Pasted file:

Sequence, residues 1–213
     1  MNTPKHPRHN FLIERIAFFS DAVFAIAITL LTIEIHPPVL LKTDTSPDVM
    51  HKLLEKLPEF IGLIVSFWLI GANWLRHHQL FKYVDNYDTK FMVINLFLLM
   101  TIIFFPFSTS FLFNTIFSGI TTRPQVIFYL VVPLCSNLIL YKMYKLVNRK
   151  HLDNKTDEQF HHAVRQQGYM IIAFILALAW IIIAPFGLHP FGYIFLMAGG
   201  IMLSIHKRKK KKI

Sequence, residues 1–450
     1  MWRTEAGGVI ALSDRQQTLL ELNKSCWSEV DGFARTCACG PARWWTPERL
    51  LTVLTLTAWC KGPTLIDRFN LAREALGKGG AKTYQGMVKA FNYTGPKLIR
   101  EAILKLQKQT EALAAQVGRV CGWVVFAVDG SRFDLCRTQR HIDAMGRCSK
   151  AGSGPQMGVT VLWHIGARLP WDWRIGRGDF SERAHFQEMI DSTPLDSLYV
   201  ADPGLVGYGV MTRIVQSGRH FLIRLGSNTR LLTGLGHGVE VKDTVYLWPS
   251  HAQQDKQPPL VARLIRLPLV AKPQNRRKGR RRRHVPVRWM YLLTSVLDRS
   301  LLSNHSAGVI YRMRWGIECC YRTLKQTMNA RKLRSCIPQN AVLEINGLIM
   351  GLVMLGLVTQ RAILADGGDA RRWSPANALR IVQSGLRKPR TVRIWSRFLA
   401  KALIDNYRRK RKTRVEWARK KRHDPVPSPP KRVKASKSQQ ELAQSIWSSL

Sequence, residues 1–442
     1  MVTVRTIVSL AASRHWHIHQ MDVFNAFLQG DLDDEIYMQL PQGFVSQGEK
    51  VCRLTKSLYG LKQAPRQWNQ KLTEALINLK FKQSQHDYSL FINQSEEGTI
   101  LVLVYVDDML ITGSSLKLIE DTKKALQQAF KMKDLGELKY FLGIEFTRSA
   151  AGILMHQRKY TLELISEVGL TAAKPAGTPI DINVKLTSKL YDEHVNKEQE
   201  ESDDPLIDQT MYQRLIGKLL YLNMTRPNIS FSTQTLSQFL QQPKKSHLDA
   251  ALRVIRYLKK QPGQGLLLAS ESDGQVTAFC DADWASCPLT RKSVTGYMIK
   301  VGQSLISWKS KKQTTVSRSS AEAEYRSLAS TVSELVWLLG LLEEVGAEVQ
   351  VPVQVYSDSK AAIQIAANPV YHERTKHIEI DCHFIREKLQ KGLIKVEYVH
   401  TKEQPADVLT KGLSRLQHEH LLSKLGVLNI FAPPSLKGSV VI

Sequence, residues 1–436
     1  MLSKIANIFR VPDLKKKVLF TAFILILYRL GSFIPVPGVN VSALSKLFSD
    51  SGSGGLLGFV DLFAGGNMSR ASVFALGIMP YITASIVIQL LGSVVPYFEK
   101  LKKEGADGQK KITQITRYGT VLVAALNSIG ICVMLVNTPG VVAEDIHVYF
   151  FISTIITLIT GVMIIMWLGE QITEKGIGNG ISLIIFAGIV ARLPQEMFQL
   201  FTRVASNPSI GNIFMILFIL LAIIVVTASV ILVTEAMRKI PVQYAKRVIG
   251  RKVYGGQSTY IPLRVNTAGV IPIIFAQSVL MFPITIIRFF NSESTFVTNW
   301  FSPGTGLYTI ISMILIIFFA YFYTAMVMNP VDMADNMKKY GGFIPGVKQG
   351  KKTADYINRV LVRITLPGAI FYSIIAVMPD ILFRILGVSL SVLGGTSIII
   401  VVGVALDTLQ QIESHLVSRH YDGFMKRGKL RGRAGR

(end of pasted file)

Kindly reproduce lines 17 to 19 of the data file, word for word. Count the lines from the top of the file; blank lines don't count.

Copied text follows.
Sequence, residues 1–442
     1  MVTVRTIVSL AASRHWHIHQ MDVFNAFLQG DLDDEIYMQL PQGFVSQGEK
    51  VCRLTKSLYG LKQAPRQWNQ KLTEALINLK FKQSQHDYSL FINQSEEGTI